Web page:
Paediatric inflammatory multisystem syndrome temporally associated with COVID-19 (PIMS-TS) is a novel condition that was first reported in April, 2020. We aimed to develop a national consensus management pathway for the UK to provide guidance for clinicians caring for children with PIMS-TS. A three-phase online Delphi process and virtual consensus meeting sought consensus over the investigation, management, and research priorities from multidisciplinary clinicians caring for children with PIMS-TS. We used 140 consensus statements to derive a consensus management pathway that describes the initial investigation of children with suspected PIMS-TS, including blood markers to help determine the severity of disease, an echocardiogram, and a viral and septic screen to exclude other infectious causes of illness. The importance of a multidisciplinary team in decision making for children with PIMS-TS is highlighted throughout the guidance, along with the recommended treatment options, including supportive care, intravenous immunoglobulin, methylprednisolone, and biological therapies. These include IL-1 antagonists (eg, anakinra), IL-6 receptor blockers (eg, tocilizumab), and anti-TNF agents (eg, infliximab) for children with Kawasaki disease-like phenotype and non-specific presentations. Use of a rapid online Delphi process has made it possible to generate a national consensus pathway in a timely and cost-efficient manner in the middle of a global pandemic. The consensus statements represent the views of UK clinicians and are applicable to children in the UK suspected of having PIMS-TS. Future evidence will inform updates to this guidance, which in the interim provides a solid framework to support clinicians caring for children with PIMS-TS. This process has directly informed new PIMS-TS specific treatment groups as part of the adaptive UK RECOVERY trial protocol, which is the first formal randomised controlled trial of therapies for PIMS-TS globally.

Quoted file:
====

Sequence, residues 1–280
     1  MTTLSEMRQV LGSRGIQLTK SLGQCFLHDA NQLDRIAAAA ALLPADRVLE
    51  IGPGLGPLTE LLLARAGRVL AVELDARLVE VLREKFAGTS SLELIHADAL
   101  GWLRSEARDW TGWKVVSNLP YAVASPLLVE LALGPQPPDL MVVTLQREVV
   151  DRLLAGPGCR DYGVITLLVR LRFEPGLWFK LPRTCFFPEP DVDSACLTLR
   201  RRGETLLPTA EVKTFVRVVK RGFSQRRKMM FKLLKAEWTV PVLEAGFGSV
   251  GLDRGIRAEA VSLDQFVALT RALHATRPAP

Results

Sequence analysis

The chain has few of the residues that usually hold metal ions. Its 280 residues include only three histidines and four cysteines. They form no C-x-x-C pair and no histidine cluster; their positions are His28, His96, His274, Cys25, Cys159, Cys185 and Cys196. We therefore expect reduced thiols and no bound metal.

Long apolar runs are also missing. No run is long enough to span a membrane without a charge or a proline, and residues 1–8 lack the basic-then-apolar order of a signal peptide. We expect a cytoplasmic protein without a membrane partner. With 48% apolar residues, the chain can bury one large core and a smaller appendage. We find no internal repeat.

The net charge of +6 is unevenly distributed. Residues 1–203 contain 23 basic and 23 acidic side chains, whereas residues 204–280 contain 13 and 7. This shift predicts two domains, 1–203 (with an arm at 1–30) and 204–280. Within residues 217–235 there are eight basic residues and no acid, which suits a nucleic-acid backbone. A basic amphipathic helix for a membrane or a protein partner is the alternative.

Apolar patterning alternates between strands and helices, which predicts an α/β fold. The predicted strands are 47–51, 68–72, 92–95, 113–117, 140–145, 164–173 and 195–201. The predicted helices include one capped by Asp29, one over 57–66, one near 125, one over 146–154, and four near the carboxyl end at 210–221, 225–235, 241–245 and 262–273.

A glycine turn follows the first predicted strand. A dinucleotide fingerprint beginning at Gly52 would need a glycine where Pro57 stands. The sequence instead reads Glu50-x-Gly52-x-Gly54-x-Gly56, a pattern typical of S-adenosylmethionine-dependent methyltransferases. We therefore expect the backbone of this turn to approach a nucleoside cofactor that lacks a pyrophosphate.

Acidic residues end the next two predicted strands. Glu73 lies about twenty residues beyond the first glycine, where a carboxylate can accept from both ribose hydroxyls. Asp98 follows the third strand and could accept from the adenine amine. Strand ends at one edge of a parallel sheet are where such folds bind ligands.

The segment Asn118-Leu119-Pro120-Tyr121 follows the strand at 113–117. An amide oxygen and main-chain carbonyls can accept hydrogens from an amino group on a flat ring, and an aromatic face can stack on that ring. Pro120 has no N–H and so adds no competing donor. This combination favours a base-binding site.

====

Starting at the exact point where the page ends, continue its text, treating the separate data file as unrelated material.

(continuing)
Lancet Child Adolesc Health
133 - 141
COVID-19, Child, Consensus, Critical Pathways, Disease Management, Humans, Interdisciplinary Communication, Systemic Inflammatory Response Syndrome, United Kingdom